Opinionista Moloto Mothapo 15 April 2015

The flaws in Saint Madonsela

In a climate where all it takes to be a media darling is a barrage of Zuma criticism, it is never advisable, under any circumstances, to speak ill of the Public Protector, Adv. Thuli Madonsela. In fact, you can rubbish the dead all you like, tearing into them for the most obscure misdemeanours committed while still breathing. You can trash the Pope, the Dalai Lama or Mother Teresa and live to tell the tale. But don’t think of speaking ill of the Public Protector.

We live in interesting times, where all it takes to be exalted as the height of courage, speaking truth to power, is to indulge in the pastime of the masses – in media, anyway – namely criticising President Jacob Zuma.

I have previously written on these pages that even within our punditocracy, the common rule among analysts is that for their services to be sought widely by the media, the have to project themselves as hostile and ruthless toward the governing party. Therein lies the key to a successful career as a public commentator with a badge of bravery.

This is strange, considering that we live in a constitutional democracy, where the possibility of arrest, torture or death for speaking out against the government is hardly a possibility.

Take Julius Malema as a shining example. Just a while ago, when he was leader of the ANCYL, he was a magnet for brutal headlines, torment and jokes by the media. For his role in the ANC and its youth league, he was constantly ridiculed, ruthlessly assailed and maligned at every turn. Today, he is a media darling who hogs headlines daily with laudatory coverage largely due to his anti-Zuma insults, gimmicks and delinquency both inside and outside of Parliament. All it took to achieve this new level of affection was for Malema to reinvent himself politically through making regular anti-Zuma rhetoric the basis of his career. As long as he keeps it anti-Zuma, the media is comfortable turning a blind eye to, or even justifying, his flaws. As Blade Nzimande lamented recently, television viewers would witness live footage of EFF MPs disrupting Parliament, but would gladly accept it when the next day the media told them it was President Zuma’s fault.

In the case of the Public Protector, she has been given the honour of sainthood by the press for the several adverse findings she made against the government, which are normally accompanied by her colourful public utterances. There is no denying that Adv. Madonsela has done a great job since her appointment by Parliament in 2009. As the ANC in Parliament often articulates in its statements, she has given new energy to this critical constitutional institution, ensuring that acts of malfeasance, corruption and other unethical conduct is exposed and dealt with. The government has generally been, and continues to be, supportive of her office, including implementing the overwhelming majority of her recommendations without contestation, and drastically increasing her budget three times more than those of other Chapter 9 institutions over the last six years.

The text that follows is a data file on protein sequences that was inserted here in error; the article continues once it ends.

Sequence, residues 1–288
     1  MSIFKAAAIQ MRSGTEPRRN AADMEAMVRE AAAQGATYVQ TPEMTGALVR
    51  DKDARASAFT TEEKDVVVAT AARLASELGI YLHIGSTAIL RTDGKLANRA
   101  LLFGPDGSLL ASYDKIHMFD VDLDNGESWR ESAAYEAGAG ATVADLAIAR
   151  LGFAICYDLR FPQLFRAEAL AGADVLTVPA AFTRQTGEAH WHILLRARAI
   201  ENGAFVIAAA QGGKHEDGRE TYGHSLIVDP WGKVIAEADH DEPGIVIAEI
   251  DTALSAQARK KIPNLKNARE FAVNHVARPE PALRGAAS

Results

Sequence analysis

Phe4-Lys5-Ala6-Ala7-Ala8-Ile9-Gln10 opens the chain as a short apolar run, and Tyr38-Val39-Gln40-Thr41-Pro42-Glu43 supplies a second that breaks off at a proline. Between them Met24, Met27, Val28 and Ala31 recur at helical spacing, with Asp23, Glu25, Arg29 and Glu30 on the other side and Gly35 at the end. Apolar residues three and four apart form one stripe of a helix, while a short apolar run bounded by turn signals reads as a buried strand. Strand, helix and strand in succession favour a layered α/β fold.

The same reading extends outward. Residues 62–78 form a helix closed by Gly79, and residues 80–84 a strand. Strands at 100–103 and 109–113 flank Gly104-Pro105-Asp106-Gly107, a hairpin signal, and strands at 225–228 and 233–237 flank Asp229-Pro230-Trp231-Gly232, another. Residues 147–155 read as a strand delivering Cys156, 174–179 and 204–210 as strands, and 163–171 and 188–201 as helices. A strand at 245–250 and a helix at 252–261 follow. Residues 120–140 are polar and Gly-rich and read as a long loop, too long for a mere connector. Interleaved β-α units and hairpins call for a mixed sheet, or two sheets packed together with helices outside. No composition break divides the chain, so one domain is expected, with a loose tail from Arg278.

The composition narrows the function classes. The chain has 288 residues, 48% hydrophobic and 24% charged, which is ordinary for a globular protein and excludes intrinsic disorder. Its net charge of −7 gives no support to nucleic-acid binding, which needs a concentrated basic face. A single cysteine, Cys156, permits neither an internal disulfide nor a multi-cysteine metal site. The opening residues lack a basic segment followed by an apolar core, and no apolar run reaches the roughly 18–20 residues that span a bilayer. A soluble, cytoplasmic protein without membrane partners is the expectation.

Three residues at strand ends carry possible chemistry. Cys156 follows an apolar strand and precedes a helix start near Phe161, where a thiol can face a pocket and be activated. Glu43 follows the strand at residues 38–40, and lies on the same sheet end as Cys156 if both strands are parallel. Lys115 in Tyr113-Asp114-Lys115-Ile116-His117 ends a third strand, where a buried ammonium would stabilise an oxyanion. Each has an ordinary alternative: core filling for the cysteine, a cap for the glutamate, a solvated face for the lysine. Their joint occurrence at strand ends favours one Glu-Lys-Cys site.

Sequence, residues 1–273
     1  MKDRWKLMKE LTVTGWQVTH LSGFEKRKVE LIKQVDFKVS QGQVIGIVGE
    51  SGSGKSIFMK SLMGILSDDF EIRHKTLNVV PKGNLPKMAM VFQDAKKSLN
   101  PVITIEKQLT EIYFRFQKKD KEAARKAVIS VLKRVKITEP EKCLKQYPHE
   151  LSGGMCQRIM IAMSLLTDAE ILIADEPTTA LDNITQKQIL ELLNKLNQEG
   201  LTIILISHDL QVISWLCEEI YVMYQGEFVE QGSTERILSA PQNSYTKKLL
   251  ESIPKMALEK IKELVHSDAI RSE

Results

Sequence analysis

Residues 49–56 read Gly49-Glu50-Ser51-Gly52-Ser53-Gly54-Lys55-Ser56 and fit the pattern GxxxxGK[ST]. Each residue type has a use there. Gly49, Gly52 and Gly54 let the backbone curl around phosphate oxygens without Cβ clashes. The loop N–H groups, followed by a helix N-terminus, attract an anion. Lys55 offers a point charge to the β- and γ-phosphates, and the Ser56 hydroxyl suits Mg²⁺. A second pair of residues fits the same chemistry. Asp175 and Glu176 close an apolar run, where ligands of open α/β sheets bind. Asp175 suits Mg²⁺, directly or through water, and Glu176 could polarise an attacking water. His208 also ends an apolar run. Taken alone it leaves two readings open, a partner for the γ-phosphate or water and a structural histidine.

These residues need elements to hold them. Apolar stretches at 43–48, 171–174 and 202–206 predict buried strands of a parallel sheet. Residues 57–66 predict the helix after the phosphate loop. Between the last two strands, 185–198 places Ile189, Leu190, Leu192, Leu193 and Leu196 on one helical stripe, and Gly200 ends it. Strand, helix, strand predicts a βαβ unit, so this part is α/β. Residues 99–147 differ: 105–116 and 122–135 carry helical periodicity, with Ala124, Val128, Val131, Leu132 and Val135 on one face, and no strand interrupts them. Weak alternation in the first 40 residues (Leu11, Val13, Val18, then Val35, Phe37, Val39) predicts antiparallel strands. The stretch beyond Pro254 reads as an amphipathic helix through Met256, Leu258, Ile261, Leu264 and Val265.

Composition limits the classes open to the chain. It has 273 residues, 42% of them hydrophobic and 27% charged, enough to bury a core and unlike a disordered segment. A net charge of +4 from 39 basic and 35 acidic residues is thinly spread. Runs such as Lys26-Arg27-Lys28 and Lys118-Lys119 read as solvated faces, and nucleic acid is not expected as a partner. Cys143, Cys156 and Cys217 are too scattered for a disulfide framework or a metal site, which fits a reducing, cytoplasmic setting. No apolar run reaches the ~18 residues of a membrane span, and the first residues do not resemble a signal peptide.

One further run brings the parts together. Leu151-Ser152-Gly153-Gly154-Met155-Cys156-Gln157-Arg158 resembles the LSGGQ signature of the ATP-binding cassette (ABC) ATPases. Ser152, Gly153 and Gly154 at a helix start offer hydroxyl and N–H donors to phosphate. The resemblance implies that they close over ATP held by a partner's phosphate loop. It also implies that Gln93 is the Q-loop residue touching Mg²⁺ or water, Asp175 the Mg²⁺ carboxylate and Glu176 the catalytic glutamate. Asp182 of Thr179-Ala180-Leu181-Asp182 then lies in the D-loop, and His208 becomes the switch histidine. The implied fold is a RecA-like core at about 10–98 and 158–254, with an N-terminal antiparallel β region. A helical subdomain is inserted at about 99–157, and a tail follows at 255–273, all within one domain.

She has been given a string of accolades both locally and internationally for her accomplishments as Public Protector in democratic South Africa.

However, despite the media’s best efforts to portray her as an infallible saint, never susceptible to any misstep, the fact remains that Adv. Madonsela does have her blemishes. However, the unwritten rule of our country’s media is that such imperfections, convenient to the general media narrative that jealously guards those it purports as useful weapons against the establishment, must either be under-reported, ignored or swept under the proverbial carpet. It has become commonplace for anyone who dares to point out her flaws or disagree in principle with her office to be subjected to public ridicule by the media and execution by its firing squad, the pundits and opposition.

In terms of the unwritten Madonsela Clause in the press code, what is regarded newsworthy by the media is not the substance or legitimacy of the criticism of her office, but the mere act of criticising. How dare you criticise Saint Madonsela? Essentially the media – which worships the ground she walks on – has effectively criminalised any legitimate criticism of a head of a public institution and ensured that any would-be critical voice against her office is bulldozed into silence.